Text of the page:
Tragedy struck the family in 1892 when brother John died of a fractured skull at his home in Newmains and again in 1895 when Hugh Brawley was killed in a mining accident in Pennsylvania.

In the 1901 census Patrick was still living with his parents and was employed as a steel dresser. James and Sarah had now lost four of their sons and it would be easy to imagine that as the only son still living at home Patrick may have been a bit spoiled. Sister Elizabeth was still at home but not with her husband.  Patrick’s 5 year old niece, Sarah, was also living in the house.

In 1903 19 year old Patrick became a father when neighbour, Mary O’Neill gave birth to their daughter, Mary on 24 December.  The child was registered with the surname Brawley and Patrick signed the register.  She was baptised as Mary O’Neill on 8 February 1904 in St Brigid’s Church in Newmains.  Both parents are listed on the register. Despite acknowledging his daughter it would seem that Patrick had no intention of settling down to a quiet family life.



From St Brigid’s Parish Baptismal Register

In 1907 he too headed for America arriving in New York on 2 April 1907 on board the SS Columbia.  He headed initially to stay with brother James, who by this time was living in Rock Springs in Sweetwater County, Wyoming. In 1913 Patrick married a widow, Mary Bates whom I believe had the maiden name McCrorie. According to the Rock Springs newspaper at the time they were married in a quiet ceremony. Mary had two children, Mary and Roy and in all future records the two are listed as Patrick’s children. Strange that he should end up with a wife and daughter called Mary after leaving the two Marys behind in Scotland.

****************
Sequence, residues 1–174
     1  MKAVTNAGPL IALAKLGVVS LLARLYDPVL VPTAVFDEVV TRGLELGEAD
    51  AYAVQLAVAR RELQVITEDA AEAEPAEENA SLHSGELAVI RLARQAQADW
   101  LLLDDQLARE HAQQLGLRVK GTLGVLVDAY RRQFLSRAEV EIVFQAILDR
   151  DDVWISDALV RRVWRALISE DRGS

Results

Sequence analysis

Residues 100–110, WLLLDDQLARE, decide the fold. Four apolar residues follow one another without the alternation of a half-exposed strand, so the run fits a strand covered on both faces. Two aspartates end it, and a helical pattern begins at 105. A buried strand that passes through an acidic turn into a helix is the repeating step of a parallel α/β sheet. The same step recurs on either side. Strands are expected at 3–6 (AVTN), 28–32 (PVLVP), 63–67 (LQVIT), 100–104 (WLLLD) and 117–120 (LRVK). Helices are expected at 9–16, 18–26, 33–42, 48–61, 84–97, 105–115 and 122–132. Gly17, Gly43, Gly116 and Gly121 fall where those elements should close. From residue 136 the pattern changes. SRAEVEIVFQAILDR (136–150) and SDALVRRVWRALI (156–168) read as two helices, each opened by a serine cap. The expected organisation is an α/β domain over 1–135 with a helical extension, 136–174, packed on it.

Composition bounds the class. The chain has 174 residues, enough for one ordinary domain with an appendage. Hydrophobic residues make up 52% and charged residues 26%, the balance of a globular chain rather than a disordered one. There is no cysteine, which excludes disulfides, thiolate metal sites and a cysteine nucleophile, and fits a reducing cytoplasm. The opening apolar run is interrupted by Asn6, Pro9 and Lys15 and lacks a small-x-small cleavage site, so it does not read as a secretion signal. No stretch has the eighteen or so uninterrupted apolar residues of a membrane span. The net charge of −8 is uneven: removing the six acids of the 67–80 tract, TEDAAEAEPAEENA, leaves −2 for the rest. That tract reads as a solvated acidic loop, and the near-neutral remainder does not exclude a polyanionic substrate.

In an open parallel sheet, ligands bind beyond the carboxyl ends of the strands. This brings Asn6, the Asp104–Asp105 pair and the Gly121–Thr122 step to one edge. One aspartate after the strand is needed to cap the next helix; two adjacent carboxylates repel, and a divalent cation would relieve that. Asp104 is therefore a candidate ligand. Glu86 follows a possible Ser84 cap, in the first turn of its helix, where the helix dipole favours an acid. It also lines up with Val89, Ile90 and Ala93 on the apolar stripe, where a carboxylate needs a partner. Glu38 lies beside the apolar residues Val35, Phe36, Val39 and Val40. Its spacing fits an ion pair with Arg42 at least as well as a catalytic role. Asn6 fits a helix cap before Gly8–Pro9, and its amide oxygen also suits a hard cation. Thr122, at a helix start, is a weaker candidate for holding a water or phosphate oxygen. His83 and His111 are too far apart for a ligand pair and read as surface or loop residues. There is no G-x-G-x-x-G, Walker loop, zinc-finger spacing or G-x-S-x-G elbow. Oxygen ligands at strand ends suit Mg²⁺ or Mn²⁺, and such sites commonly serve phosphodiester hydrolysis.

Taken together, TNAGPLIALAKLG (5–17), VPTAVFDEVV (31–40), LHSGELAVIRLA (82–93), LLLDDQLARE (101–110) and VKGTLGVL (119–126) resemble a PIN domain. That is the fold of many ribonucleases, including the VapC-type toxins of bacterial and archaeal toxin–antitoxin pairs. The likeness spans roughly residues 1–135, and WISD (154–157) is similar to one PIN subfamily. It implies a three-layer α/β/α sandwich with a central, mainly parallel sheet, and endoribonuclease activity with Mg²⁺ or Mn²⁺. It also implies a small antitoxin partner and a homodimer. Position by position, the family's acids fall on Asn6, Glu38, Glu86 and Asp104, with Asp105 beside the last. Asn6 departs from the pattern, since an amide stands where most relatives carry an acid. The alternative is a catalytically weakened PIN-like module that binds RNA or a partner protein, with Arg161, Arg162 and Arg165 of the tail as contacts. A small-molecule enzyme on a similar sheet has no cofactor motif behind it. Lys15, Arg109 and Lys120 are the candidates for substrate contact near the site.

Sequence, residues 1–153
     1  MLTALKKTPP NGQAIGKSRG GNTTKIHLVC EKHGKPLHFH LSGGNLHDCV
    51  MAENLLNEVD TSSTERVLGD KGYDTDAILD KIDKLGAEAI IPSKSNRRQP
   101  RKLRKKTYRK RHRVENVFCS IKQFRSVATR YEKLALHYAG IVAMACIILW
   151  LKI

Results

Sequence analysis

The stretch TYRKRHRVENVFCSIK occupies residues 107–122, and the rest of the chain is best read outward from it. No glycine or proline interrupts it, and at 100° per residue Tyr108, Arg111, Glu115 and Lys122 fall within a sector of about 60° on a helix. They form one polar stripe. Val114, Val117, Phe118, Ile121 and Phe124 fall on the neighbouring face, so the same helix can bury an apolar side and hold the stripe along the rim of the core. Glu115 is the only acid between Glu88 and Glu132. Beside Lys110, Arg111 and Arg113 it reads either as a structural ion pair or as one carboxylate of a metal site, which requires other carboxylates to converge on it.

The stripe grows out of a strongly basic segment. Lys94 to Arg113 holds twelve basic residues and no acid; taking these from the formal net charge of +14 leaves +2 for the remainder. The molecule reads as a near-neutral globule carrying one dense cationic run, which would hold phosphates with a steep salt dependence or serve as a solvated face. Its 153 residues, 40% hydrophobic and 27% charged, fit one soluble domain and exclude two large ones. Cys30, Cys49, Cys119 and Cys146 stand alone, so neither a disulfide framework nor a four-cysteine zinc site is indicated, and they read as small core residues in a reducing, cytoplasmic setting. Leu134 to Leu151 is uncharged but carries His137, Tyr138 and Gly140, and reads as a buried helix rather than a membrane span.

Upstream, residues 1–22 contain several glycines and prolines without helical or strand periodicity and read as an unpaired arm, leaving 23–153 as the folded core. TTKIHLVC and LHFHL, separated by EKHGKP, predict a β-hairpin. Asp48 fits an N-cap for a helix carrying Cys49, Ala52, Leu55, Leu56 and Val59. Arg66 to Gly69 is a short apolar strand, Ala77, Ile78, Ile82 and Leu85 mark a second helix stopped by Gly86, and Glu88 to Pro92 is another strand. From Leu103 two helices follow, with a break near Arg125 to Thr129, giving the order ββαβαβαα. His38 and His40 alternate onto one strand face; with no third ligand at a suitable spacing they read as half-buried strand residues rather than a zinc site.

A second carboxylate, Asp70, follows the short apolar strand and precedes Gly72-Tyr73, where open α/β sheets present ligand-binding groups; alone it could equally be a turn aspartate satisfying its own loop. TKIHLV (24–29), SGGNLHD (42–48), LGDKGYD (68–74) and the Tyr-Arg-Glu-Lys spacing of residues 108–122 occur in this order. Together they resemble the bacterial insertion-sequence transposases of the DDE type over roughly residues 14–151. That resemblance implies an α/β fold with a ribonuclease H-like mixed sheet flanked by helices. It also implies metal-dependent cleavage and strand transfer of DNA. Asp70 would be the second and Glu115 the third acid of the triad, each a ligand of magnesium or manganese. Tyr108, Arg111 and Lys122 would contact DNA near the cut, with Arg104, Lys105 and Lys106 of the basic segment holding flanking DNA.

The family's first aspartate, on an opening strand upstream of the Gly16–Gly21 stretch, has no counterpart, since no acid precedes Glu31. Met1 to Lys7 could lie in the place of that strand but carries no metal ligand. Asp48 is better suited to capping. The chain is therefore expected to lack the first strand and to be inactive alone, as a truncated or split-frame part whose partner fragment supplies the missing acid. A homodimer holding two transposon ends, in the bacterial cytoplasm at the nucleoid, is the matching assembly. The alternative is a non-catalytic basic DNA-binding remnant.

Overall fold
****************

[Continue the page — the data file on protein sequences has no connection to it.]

Patrick did not remain in Wyoming. On his WW1 Draft Registration he was working as a pressman for DuPont de Nemours in Pomton Lakes, Passaic, New Jersey.

Patrick returned to Scotland at least once. In 1922 he visited along with his wife and the two children. By that time both of his parents had died and I have no way of knowing if he ever spent time with daughter, Mary who was brought up by his brother Matthew and wife, Mary Hagan.  Maybe he wanted to show off to the family left at home as by 1922 he was living in New York and I get the impression that’s what he dreamed of all along. Not for Patrick the backbreaking work in the mines or ironworks.  He had found a job as a barber which suggests he was quite a sociable character.  His home on 6th Avenue, Brooklyn was rented and they didn’t own a radio set! (Great census question I think)

The 1940 census shows that Patrick was unemployed and seeking work but fortunately this didn’t last too long as by 1942 according to his WW2 draft registration he was working in sales for Refined Syrups in Yonkers.  Again sales a sales job indicates he might have been quite outgoing. He’s described as 5’10 1/2 and 168lbs with brown eyes and dark hair.